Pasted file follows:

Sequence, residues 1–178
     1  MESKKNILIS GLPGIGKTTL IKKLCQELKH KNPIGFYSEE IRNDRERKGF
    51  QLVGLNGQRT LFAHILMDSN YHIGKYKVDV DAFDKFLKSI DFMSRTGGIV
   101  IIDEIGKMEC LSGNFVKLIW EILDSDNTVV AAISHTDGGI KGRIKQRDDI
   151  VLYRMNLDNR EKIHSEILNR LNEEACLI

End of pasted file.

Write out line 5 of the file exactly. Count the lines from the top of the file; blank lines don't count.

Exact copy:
   151  VLYRMNLDNR EKIHSEILNR LNEEACLI